- Food: 5 / 10
- Value: 3.5 / 5
- Overall: 2.8 / 5. Not something I’ll want to try again for sure. Next time, we’ll go upstairs for lunch, even if it’s more dreary looking.
Black Pepper (Beef) Rice @ Pepper Lunch Express
Ling was remarking the other evening the absence of food-related entries into the blog. Truth to tell, we’ve been either eating at the same places or cooking at home-our dining experiences have been rather plain of late. In fact, I’ve been having a binge on sweet potato porridge for several weeks now, but who among us would be actually interested to read my recipe write-up on that?
Still, we were at Hougang Mall a few evenings ago to pick up my new pair of glasses. There’s a Pepper Lunch Express outlet on the basement floor, and we’ve been seeing this restaurant chain at a few other spots around too, so popped in for a dinner. We’ve normally been giving the place a miss as the prominently displayed prices on the outside aren’t actually low – set meals go for around $8 to a whopping $16, which is pretty much out of the fast food price range.
Both of us had the same thing: black pepper rice, pretty much nearly the cheapest set meals on the menu since everything else looked really dear. Basically, you get what the picture shows, and on a hot plate. Rice, nicely seasoned beef on the outskirts, corn and a mixture of other condiments in the centre. Upon serving, you mix up the entire lot, let the hot plate do its thing, then add sauces to taste.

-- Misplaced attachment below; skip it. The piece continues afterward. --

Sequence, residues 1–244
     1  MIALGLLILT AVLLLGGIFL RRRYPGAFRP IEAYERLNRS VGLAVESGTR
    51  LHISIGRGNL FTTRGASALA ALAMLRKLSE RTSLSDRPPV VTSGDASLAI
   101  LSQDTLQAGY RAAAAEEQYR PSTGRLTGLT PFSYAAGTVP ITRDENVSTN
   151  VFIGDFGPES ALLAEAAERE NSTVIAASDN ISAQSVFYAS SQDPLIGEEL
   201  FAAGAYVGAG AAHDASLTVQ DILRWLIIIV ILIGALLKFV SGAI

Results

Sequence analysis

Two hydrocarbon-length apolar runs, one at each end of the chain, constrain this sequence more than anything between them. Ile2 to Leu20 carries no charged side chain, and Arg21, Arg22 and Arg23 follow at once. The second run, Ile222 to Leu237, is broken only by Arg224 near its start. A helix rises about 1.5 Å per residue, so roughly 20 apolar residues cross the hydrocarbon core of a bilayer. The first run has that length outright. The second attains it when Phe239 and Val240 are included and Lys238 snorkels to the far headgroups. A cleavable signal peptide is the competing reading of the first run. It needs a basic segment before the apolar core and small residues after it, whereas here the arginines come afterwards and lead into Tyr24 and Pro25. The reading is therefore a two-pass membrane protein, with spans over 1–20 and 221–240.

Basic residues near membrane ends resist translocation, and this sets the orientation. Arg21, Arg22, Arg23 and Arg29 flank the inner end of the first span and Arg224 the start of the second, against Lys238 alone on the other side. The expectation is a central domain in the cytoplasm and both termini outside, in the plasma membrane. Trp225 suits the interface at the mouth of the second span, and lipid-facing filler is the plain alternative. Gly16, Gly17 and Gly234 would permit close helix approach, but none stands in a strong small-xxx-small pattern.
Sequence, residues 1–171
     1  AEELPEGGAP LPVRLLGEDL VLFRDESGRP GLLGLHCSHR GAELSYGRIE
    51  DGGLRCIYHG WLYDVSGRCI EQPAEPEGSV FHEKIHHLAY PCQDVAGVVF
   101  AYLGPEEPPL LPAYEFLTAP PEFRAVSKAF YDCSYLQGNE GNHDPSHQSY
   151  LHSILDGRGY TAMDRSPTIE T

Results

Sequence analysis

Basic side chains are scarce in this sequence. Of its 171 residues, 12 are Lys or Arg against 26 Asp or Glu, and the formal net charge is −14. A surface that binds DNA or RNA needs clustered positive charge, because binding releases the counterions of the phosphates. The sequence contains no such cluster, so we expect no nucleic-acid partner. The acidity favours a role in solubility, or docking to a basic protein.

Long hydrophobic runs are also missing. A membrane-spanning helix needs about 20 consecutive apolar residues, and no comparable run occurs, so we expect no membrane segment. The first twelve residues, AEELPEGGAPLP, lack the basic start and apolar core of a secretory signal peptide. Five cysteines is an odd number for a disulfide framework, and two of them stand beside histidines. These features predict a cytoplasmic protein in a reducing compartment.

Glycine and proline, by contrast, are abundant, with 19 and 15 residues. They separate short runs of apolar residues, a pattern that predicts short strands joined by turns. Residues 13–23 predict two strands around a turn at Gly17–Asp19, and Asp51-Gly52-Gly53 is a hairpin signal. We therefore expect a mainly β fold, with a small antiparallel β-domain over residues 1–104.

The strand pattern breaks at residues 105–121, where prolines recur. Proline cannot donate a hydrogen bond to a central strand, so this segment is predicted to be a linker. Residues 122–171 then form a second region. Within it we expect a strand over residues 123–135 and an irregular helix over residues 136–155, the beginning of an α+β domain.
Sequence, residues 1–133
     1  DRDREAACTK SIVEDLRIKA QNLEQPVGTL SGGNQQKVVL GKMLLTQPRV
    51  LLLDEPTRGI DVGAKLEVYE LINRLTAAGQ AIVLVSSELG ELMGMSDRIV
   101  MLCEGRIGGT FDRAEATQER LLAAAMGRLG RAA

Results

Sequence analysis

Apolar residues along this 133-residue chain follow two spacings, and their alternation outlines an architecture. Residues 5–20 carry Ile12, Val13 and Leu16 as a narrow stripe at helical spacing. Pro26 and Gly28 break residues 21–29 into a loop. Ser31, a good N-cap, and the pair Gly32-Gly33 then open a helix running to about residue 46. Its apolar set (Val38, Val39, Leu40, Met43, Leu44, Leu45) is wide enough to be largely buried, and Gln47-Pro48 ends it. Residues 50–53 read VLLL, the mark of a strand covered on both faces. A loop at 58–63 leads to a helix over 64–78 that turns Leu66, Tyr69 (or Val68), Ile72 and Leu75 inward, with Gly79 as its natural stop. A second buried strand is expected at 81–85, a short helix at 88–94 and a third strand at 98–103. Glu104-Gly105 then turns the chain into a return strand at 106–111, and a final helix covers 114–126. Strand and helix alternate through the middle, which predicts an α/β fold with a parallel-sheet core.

How was the taste then? Pretty interesting: the quality of rice grains used was high – we could really taste the difference compared to the cheapo NTUC rice we use for cooking at home. The rice sans sauce was already pretty tasty with a strong black pepper-ish taste, and adding either the garlic or honey brown sauce adds even more flavor. The plate was about ok in portions; definitely adequate for Ling and myself, but hungry eaters could find the serving just a tad small.
- Food: 8 / 10
- Value: 2.5 / 5
- Overall: 3.5 / 5. All in all, a pretty mixed bag. It’s pretty good and tasty food, but the asking price of $8.80 (even with a drink thrown in) is well out of the fast food range.
“It is a truth universally acknowledged, that a single man in possession of a good fortune, must be in want of a wife.”
Ah, the famous opening line in Jane Austen’s novel ‘Pride and Prejudice’. Yang surprised me by buying a DVD movie adaptation of this well-loved novel recently since I enjoyed the story so much. It took him quite a while to find this DVD as many shops here do not carry it. (Thank you, darling!)